Jennifer Lopez knew something wasn’t right.
“I really got inspired about being more business-savvy when I realized I was literally making people tons and tons of money and making such a small percentage,” she told U.S. Small Business Administration chief Isabel Casillas Guzman and MSNBC contributor María Teresa Kumar. Lopez made her remarks during a streamed event Tuesday for the SBA’s National Small Business Week Virtual Summit 2021. The fireside chat was also a kickoff event for Hispanic Heritage month.
The actress, singer, and founder of her own production company, Los Angeles-based Nuyorican Productions, started negotiating better terms for her deals–and now has equity in every project she takes on. It’s about “understanding your worth, your value,” she said.
Here are takeaways from Lopez’s and Guzman’s advice for entrepreneurs (or anyone who feels like they’re not good enough).
Connect with your audience
When Lopez is managing her brand, she prioritizes listening to her audience on social media. “You have to stay true and authentic to yourself,” she said. “And I think that it is really important to be malleable.” The honest feedback you get can hurt, but it can also guide you if you’re veering off course, she added. In the same way, you can listen to your customers and adjust your brand and messaging accordingly.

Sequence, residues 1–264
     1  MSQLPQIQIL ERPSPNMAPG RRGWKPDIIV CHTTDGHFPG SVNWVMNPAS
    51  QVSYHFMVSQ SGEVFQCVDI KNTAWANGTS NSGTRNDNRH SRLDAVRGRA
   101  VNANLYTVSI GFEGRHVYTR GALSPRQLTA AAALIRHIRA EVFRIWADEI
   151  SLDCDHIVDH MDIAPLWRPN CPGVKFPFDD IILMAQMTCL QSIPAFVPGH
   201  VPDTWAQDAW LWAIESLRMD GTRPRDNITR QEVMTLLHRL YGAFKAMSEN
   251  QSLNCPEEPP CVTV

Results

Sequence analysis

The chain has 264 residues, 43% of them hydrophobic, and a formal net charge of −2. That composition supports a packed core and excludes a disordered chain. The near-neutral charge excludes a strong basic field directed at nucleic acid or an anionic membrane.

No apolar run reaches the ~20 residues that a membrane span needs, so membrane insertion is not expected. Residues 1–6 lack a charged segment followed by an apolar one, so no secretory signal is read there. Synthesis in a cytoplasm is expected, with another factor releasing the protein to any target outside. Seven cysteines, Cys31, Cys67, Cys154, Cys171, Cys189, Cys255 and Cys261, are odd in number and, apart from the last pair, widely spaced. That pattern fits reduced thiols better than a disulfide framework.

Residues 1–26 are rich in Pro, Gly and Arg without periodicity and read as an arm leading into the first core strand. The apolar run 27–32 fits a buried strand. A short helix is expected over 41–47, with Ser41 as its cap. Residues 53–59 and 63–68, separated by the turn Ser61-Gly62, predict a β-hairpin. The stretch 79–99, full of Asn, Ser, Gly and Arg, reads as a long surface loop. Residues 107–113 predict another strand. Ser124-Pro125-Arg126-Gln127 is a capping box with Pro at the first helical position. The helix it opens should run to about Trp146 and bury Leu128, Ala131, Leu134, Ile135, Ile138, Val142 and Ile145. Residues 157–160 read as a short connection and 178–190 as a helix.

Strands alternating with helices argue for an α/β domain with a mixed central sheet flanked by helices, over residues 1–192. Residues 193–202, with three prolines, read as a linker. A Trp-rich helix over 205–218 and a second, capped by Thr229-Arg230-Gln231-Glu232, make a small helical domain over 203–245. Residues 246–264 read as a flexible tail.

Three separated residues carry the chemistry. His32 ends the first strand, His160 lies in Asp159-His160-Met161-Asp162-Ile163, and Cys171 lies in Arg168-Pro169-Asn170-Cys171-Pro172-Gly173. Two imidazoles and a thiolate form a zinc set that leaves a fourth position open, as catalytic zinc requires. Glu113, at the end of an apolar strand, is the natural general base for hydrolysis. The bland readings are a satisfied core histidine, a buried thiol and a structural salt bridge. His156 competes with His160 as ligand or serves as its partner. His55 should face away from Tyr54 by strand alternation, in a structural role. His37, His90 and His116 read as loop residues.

Let the no’s fuel you
Lopez says that when she was growing up it was instilled in her that she couldn’t be a famous pop star or entertainer. “My biggest motivator was always “No, you can’t do that,” she said.
Another big influence was Rita Moreno’s performance as Anita in the 1961 film adaptation of West Side Story. Representation matters, and Lopez said she hopes to encourage Latina women to pursue their passions, whether it’s running a company or any other endeavor. Lopez promoted her new venture at the talk, Limitless Labs, which will support Latina entrepreneurs. “What I am saying is you are limitless, meaning you can do anything,” she said.
Teresa Kumar said that 17 years ago when she started her nonprofit Voto Latino, a Washington, D.C.-based organization that encourages Hispanic people and Latinos to vote, she did everything wrong–especially financing the business with her credit cards. Guzman noted that SBA resources like Small Business Centers and EIDL loans–plus a bevy of potential new programs for startup capital and loans in the infrastructure and budget reconciliation bills–can help you avoid such pitfalls and get your business going.